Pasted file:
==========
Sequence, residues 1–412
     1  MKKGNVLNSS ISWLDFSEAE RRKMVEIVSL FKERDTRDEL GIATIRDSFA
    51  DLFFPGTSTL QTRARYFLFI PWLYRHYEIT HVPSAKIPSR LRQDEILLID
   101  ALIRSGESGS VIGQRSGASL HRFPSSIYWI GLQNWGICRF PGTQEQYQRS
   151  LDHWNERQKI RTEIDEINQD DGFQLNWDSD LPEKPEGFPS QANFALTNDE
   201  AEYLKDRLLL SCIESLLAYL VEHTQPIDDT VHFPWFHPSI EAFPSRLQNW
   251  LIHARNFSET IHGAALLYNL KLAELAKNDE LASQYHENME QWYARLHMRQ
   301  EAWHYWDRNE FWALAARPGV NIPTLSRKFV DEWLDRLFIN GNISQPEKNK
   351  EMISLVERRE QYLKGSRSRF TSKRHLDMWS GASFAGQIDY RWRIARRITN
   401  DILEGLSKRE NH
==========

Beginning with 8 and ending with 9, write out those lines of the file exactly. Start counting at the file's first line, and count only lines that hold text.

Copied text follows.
   301  EAWHYWDRNE FWALAARPGV NIPTLSRKFV DEWLDRLFIN GNISQPEKNK
   351  EMISLVERRE QYLKGSRSRF TSKRHLDMWS GASFAGQIDY RWRIARRITN